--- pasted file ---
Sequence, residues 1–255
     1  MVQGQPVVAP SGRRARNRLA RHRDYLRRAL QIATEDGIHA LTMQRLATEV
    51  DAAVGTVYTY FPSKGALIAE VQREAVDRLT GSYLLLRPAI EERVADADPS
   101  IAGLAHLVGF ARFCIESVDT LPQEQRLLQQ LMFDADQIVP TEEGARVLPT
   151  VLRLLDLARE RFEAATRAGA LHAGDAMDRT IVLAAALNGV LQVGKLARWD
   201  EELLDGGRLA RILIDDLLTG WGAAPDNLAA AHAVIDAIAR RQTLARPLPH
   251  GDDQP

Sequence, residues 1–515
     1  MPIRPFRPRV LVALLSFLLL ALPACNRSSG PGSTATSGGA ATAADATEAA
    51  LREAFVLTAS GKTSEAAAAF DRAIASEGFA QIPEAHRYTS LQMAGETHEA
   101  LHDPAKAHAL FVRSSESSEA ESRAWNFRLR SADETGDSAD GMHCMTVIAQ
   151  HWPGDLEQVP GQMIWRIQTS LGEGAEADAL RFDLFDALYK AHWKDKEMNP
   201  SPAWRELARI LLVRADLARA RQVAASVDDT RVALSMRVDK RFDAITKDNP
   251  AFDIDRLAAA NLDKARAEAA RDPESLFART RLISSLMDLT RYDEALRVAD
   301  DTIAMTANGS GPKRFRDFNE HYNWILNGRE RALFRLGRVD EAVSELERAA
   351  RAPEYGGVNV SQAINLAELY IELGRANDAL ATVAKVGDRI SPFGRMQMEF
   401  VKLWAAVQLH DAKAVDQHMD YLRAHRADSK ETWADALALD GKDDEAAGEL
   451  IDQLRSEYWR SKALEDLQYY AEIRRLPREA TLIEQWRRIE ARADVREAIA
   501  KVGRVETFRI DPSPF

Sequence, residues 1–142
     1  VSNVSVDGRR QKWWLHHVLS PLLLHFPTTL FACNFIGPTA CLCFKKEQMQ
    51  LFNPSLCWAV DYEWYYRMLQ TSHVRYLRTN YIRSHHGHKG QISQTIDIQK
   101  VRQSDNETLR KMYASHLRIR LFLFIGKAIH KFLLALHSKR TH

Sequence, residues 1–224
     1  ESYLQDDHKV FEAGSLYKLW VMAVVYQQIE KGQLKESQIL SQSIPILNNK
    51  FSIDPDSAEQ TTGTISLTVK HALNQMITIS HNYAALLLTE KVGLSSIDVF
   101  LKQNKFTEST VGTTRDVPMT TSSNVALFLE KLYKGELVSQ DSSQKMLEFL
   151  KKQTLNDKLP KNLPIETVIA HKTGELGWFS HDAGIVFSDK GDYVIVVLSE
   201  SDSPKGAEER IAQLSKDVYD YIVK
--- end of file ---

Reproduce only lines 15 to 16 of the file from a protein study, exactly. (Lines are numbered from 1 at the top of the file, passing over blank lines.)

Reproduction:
   301  DTIAMTANGS GPKRFRDFNE HYNWILNGRE RALFRLGRVD EAVSELERAA
   351  RAPEYGGVNV SQAINLAELY IELGRANDAL ATVAKVGDRI SPFGRMQMEF